They could be in MI6 still. But instead, Bond’s got the underdeveloped girl with whom zero chemistry is produced, and has driven off into the sunset in the rebuilt Aston Martin DB5 that was felt so forced into the plot that the simple purposes of nostalgia were obvious. It worked for Skyfall because of the occasion, but in Spectre, it’s just another throw-back to hide the present story not working. When there isn’t confusion, there’s predictability.

And when there isn’t predictability, there’s nostalgia. Which is a word originally used to diagnose the inability to move on from the past. Which is ironic, given Spectre is trying to reinvent the past by telling Blofeld’s origin story and retroactively acting as a semi-prequel to the Craig era. Now, Casino Royale (Paul Haggis), Quantum of Solace and Skyfall are lesser films, because they’re supporting Spectre.

Even the antagonists are lesser for it, because they’re supporting Blofeld. That sounds a premise with much potential – the Bond Villain of Bond Villains, so to speak –  but the execution is too self-absorbed to know when to stop. So much time is spent wading through the past and continuity that if everything carried-over from before is stripped-away, Spectre is very shallow as a film. Spectre‘s only contribution to the franchise is the establishment of a a connection never present, and therefore in a way that’s difficult to believe due to the short-cuts taken.

Short-cuts which cast aside what’s been the era of the best Bond so far simply because of its own over-inflated sense of self importance. Critically, the most popular Bond film is Goldfinger (Paul Dehn), but it didn’t get there by driving a steam-roller over From Russia With Love (Johanna Harwood) and Dr. No (Berkely Mather). And it too wasn’t steam-rolled by Thunderball (John Hopkins), You Only Live Twice (Roald Dahl), Diamonds are Forever (Tom Mankiewicz) or Never say Never Again (Lorenzo Semple, Jr.).. It just remembered that it was a film, like any number of films, and decided it only wanted merit for being the film that it was, not because it was trying to resemble a Netflix finale.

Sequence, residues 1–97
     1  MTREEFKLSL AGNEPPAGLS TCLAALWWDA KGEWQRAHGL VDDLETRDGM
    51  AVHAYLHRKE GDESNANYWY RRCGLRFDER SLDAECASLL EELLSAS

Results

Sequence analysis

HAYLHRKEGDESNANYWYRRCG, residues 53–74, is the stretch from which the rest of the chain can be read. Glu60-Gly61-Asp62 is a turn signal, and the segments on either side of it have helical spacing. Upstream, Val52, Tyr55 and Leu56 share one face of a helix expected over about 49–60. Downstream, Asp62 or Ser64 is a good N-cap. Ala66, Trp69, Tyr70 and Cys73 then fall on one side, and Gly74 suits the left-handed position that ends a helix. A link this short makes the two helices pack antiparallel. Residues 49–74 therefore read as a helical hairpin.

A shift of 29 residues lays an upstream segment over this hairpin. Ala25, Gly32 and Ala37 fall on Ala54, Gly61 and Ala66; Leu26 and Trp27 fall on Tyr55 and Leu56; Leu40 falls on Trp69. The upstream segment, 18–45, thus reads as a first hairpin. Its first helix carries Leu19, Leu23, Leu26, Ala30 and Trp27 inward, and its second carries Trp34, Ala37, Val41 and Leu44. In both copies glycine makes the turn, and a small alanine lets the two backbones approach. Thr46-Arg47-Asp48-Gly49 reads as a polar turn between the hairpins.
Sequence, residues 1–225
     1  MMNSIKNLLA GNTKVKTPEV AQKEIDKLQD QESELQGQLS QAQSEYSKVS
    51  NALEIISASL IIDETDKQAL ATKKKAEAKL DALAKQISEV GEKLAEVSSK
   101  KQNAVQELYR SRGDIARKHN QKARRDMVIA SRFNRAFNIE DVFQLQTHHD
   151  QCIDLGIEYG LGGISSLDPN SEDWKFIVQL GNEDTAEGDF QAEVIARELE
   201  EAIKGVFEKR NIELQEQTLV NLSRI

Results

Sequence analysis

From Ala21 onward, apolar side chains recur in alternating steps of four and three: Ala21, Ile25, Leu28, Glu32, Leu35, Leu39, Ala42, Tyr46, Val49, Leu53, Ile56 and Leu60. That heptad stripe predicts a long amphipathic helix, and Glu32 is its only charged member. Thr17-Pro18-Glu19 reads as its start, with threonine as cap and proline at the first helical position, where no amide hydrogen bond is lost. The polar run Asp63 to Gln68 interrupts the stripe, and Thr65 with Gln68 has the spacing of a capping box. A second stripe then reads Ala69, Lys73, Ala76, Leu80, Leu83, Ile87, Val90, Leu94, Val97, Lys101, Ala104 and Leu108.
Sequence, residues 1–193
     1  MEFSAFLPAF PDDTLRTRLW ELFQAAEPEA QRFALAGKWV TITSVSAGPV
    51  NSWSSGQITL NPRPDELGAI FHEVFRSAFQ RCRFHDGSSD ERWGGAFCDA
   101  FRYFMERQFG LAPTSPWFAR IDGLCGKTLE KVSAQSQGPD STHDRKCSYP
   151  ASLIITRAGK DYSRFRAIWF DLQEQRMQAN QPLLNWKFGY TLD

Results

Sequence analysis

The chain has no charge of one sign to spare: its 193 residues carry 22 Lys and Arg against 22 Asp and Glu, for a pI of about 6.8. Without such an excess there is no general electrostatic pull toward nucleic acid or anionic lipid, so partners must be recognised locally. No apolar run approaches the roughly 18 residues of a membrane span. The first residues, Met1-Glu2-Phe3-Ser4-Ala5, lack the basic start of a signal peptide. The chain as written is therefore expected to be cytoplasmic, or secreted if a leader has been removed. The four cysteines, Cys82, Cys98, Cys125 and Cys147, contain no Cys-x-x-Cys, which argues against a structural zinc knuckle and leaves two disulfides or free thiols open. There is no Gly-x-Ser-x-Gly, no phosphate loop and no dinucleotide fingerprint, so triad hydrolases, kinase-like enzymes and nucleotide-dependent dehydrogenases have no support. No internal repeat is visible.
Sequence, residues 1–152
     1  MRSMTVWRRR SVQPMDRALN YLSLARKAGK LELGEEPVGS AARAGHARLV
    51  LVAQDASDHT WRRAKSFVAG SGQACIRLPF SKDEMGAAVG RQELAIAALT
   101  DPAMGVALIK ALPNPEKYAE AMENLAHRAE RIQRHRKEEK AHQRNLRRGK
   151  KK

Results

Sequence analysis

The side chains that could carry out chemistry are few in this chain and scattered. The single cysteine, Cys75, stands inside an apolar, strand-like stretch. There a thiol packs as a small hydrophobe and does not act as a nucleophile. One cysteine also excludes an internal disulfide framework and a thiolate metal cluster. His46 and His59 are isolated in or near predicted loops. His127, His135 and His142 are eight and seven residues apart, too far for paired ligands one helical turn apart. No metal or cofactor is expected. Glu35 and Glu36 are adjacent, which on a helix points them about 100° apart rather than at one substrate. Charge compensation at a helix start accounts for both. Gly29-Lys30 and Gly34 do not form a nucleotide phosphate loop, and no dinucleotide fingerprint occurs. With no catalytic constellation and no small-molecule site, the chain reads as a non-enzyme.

We could’ve had the Craig era’s take on SPECTRE and Blofeld, but instead you get the impression that SPECTRE was chosen simply because of the intention to foolishly tie the previous Craig films together, and not because SPECTRE was anything more than convenient narrative collateral with brand recognition. And that’s why Spectre is Blofeld’s origin story, rather than than just being a fully-blown film that embraces and celebrates Blofeld as a character. But instead, Blofeld had to begin as “Oberhauser” in an attempt to make us believe that’s who the character really is. But “Oberhauser” was so obviously Blofeld that one wonders why Sony weren’t realistically open with this.